Gun control, LGBT rights, abortion, school prayer. In the past four decades, widespread consensus emerged that the most significant, politically charged constitutional issues are cultural. But with each passing year, the Supreme Court hears new cases that shape the distribution of wealth in this country and determines whether the economically powerful also wield political power. At the same time, economic debates on inequality, mobility and corporate power are back at the forefront of public affairs.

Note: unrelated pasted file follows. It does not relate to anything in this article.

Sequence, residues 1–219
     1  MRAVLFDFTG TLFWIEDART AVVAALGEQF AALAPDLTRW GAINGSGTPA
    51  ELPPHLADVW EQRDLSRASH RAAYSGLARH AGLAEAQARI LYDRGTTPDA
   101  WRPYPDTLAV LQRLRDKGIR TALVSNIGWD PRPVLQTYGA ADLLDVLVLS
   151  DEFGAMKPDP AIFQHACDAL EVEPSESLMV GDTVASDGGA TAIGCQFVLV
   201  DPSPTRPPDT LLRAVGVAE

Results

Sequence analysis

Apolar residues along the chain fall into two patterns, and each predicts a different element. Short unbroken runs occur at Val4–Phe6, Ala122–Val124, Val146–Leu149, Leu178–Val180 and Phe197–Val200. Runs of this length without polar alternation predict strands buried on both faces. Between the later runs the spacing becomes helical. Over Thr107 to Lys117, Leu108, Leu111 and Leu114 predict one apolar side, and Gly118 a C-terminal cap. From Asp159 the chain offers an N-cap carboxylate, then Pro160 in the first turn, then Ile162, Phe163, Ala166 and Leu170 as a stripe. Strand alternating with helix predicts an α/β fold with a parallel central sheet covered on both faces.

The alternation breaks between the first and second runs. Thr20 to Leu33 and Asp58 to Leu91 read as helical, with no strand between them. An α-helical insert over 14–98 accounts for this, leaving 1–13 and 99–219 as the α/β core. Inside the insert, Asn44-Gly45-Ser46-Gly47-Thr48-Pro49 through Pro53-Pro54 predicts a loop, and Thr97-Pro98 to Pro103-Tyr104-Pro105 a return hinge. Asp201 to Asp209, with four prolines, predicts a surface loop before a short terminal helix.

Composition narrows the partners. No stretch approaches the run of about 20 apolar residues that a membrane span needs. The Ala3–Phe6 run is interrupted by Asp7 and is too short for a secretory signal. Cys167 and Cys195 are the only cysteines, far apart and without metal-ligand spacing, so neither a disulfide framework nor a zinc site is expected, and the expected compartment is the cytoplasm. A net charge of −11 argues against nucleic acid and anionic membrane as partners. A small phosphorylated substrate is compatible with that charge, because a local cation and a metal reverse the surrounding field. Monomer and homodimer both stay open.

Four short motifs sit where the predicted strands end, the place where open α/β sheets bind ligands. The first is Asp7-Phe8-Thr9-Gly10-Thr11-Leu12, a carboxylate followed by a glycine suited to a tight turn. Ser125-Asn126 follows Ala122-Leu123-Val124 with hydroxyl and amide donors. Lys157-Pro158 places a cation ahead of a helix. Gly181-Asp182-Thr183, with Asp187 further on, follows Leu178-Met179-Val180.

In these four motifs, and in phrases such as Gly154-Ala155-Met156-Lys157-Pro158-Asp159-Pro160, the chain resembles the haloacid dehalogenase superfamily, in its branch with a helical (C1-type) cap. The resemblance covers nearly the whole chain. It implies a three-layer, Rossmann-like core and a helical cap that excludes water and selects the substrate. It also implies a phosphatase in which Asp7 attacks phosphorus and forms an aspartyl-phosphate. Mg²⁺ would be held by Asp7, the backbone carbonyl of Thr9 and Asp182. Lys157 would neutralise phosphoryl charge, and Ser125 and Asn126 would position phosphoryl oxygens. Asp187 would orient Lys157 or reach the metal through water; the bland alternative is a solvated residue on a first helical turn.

Constitutional debates over culture war issues are not going to disappear altogether. But with economic anxiety still high after the Great Recession and generational changes in attitudes, culture war issues are less and less likely to be the single defining feature of the next era in constitutional debate. Although prediction is always risky, it appears that a new era of constitutional debate is emerging, one in which the critical battles will be increasingly fought over economic issues. This shift could—arguably should—affect the qualities and expertise a president seeks when selecting the next justice.This article was originally published in Politico Magazine.